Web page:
The Telegraph
Since 1st March, 1999
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Letters to Editor

With anger from rural Bengal

Sir — Samata Sinha was allegedly heckled in Pandabeswar near Durgapur because she dared to use her car during the “chakka bandh” called by the Communist Party of India (Marxist) against the United States of America’s attack on Iraq (“Girl harassment cloud on two CPM activists”, March 24). Peaceful protests against this war are being held all over the world and are perfectly acceptable. Even in the US, protestors in the thousands are expressing their disapproval. Some have even taken recourse to disruptive activities in order to get their message across to the government. But how will a bandh in rural Bengal serve any purpose, other than inconvenience citizens and adversely affect businesses and the functioning of the state' The US does not give a dime about our scruples over the war, or our opinion about any of its policies. What can we expect now — a train aborodh in Liluah protesting against the Indian cricket team’s loss in the World Cup finals'

Yours faithfully,
A. Mahapatra, Columbus, US

Fanning trouble

Sir — Raju Mukherji may condemn them for their “ingratitude”, but he must accept that cricket fans in India are extremely emotional (“Ingratitude, thy name is the Indian cricket fan”, March 20). Cricket is very important to them. They cannot bear defeat — they want the national team to keep winning. They treat Sachin Tendulkar and Sourav Ganguly as demi-gods and consider them infallible. It is grief at the team’s failures that leads them to do foolish things like take out mock funeral processions or burn effigies.

Ganguly has, over the years, been the favourite whipping boy of many a commentator and former cricketer. Even Imran Khan recently called him “an irresponsible captain”. But surely, Ganguly can’t play well in every match' Despite his three centuries in the just-concluded World Cup, he has been in indifferent form lately. Even so he managed to inspire his team when they were low in confidence. The British media had, not so long ago, dubbed Ganguly “Lord Snooty”; but even they have been full of praise for the way he led the team in South Africa.

Mukherji is right on one count however — unbiased and witty commentary is a commodity that is very scarce these days.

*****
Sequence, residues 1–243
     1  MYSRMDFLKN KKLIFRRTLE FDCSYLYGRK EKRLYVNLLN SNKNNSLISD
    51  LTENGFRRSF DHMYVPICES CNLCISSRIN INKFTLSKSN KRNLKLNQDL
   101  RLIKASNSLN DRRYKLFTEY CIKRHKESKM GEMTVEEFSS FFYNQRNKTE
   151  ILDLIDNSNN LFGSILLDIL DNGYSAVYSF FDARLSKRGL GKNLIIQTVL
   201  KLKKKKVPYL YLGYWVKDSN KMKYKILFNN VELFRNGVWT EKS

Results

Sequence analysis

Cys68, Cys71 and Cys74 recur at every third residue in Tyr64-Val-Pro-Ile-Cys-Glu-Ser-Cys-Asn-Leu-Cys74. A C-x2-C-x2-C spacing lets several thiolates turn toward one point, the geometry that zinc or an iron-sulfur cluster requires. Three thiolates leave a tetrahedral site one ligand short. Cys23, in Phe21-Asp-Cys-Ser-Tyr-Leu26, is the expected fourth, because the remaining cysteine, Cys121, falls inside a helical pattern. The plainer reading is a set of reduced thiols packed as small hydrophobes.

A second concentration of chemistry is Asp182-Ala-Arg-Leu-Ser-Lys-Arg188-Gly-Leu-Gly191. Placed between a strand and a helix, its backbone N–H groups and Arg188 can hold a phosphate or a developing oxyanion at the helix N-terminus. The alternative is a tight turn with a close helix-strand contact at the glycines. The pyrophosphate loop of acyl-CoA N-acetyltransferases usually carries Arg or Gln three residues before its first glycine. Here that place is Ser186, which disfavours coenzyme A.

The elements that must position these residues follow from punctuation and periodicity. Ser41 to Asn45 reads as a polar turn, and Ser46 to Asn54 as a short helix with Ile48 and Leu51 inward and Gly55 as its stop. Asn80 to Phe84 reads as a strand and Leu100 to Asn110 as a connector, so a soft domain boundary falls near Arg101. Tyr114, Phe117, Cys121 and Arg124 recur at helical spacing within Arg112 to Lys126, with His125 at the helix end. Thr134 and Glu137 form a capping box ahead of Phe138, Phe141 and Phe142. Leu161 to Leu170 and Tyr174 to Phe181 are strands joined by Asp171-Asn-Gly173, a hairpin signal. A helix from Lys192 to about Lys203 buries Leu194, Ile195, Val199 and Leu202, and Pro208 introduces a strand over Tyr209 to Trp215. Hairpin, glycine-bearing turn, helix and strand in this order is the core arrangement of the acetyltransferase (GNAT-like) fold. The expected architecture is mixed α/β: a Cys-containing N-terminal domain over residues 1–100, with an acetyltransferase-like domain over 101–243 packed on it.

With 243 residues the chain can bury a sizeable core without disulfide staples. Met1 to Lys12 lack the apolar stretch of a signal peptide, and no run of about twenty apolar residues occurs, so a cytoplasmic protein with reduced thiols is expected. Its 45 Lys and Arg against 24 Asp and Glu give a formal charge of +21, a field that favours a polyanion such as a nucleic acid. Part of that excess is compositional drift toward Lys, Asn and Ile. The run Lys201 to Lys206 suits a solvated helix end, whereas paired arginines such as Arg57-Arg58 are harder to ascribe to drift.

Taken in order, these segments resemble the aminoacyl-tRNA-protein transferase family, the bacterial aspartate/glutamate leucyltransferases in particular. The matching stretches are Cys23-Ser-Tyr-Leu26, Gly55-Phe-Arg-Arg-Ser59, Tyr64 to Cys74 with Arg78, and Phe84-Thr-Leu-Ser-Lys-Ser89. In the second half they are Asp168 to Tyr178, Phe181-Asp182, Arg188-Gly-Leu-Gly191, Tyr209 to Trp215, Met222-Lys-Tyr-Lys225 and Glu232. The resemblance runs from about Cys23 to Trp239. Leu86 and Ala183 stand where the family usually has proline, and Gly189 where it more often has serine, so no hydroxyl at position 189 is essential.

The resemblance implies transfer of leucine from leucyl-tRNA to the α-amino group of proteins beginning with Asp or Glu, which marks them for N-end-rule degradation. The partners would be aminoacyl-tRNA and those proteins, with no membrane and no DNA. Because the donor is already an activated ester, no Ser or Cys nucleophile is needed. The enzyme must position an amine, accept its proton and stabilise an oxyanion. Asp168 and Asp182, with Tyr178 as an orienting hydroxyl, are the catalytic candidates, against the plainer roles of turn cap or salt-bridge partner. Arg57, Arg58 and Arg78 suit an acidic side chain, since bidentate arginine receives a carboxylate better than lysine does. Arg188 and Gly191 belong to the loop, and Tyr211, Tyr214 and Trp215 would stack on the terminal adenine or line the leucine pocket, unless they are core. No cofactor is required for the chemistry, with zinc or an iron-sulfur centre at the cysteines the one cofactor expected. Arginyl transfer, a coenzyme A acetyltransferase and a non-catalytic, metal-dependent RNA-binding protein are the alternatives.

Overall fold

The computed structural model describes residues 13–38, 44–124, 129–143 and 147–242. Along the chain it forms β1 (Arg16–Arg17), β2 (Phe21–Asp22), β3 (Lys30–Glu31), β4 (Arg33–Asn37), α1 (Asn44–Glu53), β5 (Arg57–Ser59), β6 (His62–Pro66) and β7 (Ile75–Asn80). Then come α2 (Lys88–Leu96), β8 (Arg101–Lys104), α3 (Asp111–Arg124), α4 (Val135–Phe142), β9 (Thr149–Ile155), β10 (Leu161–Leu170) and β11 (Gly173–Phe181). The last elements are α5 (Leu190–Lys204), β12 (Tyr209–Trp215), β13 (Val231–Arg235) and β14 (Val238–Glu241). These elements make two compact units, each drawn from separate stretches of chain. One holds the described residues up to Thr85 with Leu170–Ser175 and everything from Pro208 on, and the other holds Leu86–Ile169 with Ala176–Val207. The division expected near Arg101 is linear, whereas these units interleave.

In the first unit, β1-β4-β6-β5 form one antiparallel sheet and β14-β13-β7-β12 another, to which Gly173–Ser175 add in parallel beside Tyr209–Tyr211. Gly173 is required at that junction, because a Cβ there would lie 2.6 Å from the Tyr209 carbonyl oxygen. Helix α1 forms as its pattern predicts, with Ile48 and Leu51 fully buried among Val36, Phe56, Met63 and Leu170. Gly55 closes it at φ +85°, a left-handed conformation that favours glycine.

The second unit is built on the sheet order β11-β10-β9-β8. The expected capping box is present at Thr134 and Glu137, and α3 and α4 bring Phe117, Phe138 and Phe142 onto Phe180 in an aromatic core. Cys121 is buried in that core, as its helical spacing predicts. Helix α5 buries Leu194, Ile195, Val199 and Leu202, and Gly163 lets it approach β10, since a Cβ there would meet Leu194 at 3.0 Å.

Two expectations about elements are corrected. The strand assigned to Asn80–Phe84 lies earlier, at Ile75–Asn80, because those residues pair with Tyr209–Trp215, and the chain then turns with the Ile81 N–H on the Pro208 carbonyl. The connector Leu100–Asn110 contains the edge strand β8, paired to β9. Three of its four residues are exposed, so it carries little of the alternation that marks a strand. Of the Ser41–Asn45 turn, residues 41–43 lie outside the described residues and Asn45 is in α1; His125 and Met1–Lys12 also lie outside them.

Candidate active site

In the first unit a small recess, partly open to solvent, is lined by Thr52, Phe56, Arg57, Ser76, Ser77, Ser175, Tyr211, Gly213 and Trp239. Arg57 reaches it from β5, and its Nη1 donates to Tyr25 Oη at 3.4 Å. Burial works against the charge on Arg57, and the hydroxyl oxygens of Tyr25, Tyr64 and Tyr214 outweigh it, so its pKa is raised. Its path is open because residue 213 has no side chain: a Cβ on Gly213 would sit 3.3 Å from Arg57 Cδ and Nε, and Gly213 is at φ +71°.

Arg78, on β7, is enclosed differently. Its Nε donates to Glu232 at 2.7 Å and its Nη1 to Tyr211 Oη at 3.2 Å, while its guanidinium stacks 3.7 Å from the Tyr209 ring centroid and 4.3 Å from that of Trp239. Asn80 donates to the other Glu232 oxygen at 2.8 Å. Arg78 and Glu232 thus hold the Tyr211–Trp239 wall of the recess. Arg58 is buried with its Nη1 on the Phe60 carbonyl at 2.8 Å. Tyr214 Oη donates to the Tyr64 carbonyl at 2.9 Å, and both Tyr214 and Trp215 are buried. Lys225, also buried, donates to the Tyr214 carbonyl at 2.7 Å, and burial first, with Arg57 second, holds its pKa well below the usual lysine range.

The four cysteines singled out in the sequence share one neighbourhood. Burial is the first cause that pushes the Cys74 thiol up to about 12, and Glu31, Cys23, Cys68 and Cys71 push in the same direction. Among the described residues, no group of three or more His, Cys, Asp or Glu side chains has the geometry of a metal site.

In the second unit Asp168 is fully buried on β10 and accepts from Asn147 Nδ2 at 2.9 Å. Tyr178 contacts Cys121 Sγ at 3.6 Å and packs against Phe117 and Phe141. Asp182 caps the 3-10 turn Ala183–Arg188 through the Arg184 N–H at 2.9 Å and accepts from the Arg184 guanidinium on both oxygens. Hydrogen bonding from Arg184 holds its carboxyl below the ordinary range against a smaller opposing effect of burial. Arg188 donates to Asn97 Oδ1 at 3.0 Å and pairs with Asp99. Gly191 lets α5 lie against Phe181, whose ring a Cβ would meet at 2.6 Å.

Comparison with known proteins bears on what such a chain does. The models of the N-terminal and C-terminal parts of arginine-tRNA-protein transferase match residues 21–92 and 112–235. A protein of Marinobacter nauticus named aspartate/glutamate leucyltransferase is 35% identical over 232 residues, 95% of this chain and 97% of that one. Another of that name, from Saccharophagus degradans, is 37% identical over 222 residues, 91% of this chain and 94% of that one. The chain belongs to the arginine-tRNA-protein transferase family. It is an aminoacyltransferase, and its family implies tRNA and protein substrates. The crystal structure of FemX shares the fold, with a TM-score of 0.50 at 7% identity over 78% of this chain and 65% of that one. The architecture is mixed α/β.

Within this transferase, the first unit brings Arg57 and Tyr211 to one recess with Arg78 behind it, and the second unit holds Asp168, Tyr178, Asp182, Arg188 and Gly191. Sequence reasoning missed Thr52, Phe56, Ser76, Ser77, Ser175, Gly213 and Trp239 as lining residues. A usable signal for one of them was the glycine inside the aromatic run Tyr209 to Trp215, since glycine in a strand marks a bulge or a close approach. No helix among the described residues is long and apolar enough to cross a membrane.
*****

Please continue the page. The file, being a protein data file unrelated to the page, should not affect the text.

Yours faithfully,
Tarakdas Majumder, Calcutta

Sir — Raju Mukherji is rather unfair on the Indian cricket fan who has always supported the moderately successful and inconsistent Indian cricket team. True, some impulsive fans sometimes cause trouble but to call all of them ungrateful is unwarranted. Mukherji’s remark that Kapil Dev and Sunil Gavaskar lost their captaincies because the fans vilified them shows his immaturity as a cricket-writer. Does he think captains are selected through general elections' The maturity with which they have accepted the defeat in the World Cup final should tell Mukherji just how wrong his assessment of Indian cricket fans is.

Yours faithfully,
Tomojit Bhattacharjee , Silchar

Sir — Raju Mukherji is probably right in calling Indian cricket fans ungrateful. But coming from him, the comment is like the devil mouthing the scriptures. After all, wasn’t he one of those who cast aspersions on the team at the time of India’s tour of New Zealand early this year'

Yours faithfully,
Vasan Nair, Calcutta

Sir — Krishnamachari Srikkanth’s comments on the Indian team were perhaps both ill-timed and unnecessary. But it was churlish and immature of Raju Mukherji to call cricketers of such international standing as Srikkanth, “mediocre” and irresponsible. What gives Mukherji the right to make such comments'

Yours faithfully,
R. Ramani, Calcutta

Condoms make sense

Sir — Amongst giant-killers like cancer, heart attacks, tuberculosis and so on, the only disease that can be prevented is AIDS — by practising safe sex. In most countries of the world, the use of condoms is openly advertised in the media as the most basic AIDS-prevention measure. India has the highest number of AIDS victims in the world after Africa but the Union minister of information and broadcasting, Sushma Swaraj, has stopped such ads from being aired on Doordarshan because she feels it will encourage sex (“Sushma ad jolts to AIDS project”, Jan 11). But what is wrong with sex, as long as it is safe '

Yours faithfully,
N.B. Grant, Pune

Sir — In the absence of precise information regarding AIDS, many misconceptions prevail in society about the disease. Since few people test their blood regularly for the HIV virus, they could be infected for years without knowing it. Many men believe that sex with virgins can cure AIDS. The best way to dispel such myths is to have a sustained media campaign to highlight the importance of using contraceptives to prevent spreading the HIV virus.

Also, parents should be involved in sex education programmes to ensure that they give their wards the right information, especially on the consequences of not using a condom.

Yours faithfully,
Mohan Lal Sarkar, Budge Budge

Sir — The Supreme Court ruling that both the bride and the groom are entitled to know the HIV status of the other, is timely (“Seal on HIV test before marriage”, Jan 3). For an AIDS patient not to tell his prospective spouse about his condition is nothing short of criminal, because this would amount to deliberately spreading an incurable disease.

Yours faithfully,
Govinda Bakshi, Budge Budge

Sir — With rapid increase in AIDS in India, the apex court’s decree, which makes it mandatory for prospective partners to know the other’s HIV status, is commendable. Alongside, the utilization of condoms in red-light areas must also be encouraged as an AIDS-prevention measure.

Yours faithfully,
B.N. Bose, Calcutta

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